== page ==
PESHAWAR: Pakistan is taking measures to check cattle trafficking to Afghanistan from its northwestern tribal areas ahead of Eid-al-Adha next month, officials said, following an order by the Peshawar High Court (PHC) to end the menace which has seen a sharp surge in the prices of animals in local markets in previous years.
Eid Al-Adha, which will fall on August 12 in Pakistan this year, commemorates Prophet Ibrahim’s willingness to sacrifice his son as an act of obedience to Allah, before Allah replaced the son with a ram to be sacrificed instead.
On Eid, thus, it is a tradition for those who can afford it to sacrifice domestic animals as a symbol of Ibrahim’s willingness to sacrifice his only son. The result is a booming pre-holiday trade in goats, cows and sheep. In Pakistan alone, more than 10 million animals, worth over $3 billion, are slaughtered during the two days of Eid Al-Adha, according to the Pakistan Tanners’ Association.
“This year we have put certain measures in place to control the export of animals to Afghanistan ahead of Eid Al-Adha,” Muhammad Hussain, a senior police officer in Khyber district, told Arab News.
Hussain and other local administration officials said customs and the federal investigation agency officers were now stationed at main border crossings to check against smuggling.
“We have circulated strict directives among the departments concerned and the police throughout the entire tribal areas to keep an eye on smuggling and illegal transportation of animals to Afghanistan,” Muhammad Imran, an assistant commissioner in Khyber district, said. “Smuggling activities have now been totally curtailed at main border points because we have put in place two or three layers of checking, and all vehicles are also being searched. In addition, police have increased patrolling on main routes, which has helped counter illegal activities and businesses in the known border areas.”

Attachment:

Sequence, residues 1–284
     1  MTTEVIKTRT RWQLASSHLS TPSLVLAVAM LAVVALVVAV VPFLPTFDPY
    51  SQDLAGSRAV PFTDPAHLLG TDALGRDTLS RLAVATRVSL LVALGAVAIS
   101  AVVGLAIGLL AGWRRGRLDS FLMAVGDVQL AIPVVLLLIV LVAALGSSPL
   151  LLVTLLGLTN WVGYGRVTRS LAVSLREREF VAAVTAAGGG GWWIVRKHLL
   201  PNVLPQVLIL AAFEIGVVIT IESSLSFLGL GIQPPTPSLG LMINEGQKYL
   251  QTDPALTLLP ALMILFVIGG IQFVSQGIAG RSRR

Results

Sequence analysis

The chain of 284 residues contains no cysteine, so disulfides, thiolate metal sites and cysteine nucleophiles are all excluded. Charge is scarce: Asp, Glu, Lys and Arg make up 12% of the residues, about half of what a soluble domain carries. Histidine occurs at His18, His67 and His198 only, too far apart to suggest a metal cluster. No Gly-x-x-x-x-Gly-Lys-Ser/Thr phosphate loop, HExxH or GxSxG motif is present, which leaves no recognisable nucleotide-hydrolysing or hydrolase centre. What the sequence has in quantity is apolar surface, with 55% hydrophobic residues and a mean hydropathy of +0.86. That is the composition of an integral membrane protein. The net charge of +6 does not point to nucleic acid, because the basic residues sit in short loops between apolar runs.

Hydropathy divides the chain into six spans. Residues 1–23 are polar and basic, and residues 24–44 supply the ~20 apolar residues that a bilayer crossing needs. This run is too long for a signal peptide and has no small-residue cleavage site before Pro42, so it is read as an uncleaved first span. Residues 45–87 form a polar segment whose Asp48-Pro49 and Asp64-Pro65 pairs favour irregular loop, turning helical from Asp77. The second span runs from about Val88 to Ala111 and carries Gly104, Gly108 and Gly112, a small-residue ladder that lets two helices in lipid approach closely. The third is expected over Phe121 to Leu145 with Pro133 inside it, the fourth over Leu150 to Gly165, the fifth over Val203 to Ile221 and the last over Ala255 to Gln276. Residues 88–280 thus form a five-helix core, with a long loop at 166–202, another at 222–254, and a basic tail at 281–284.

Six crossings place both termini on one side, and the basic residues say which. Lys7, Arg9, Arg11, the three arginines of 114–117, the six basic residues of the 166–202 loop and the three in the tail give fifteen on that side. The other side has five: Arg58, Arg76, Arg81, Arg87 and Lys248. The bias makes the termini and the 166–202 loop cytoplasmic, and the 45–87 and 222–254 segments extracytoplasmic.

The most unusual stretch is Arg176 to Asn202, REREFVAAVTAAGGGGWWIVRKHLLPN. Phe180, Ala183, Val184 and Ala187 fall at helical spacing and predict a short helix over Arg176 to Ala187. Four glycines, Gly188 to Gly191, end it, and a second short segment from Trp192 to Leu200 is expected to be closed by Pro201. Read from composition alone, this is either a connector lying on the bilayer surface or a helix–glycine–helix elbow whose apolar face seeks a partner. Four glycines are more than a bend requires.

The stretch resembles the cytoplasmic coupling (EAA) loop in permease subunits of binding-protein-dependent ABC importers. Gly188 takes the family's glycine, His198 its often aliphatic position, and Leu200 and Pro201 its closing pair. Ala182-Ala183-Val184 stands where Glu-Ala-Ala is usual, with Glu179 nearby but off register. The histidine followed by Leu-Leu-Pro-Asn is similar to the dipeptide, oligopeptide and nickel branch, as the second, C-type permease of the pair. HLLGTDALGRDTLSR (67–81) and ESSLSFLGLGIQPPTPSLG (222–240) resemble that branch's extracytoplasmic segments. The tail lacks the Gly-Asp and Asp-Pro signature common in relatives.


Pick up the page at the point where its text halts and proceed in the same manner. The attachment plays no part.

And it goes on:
Last week, a two-member bench of the Peshawar High Court had ordered the government to crackdown on the illegal smuggling of animals to Afghanistan, ruling on a petition that said the trend was causing artificial inflation and a shortage of animals in the domestic market. The bench ordered both the federal and provincial governments to apprise the court of the measures it would take to limit the illegal export of animals.
Aftab Shinwari, a Pakistani businessman who frequents the Pakistan-Afghanistan Torkham border, said a month ago at least 10 to 15 trucks loaded with animals could be seen entering Afghanistan every week.
“This [animals smuggling] cannot be seen now on the Torkham border, most likely because of the court verdict,” he said.
Arafat Khan, a Pakistani custom clearance agent who works along the Torkham border, said though illegal trafficking through known points such as Torkham, Ghulam Khan in North Waziristan and Angoor Adda in South Waziristan tribal districts had reduced significantly, hundreds of buffaloes and cows were still being smuggled to the neighboring country through unknown routes.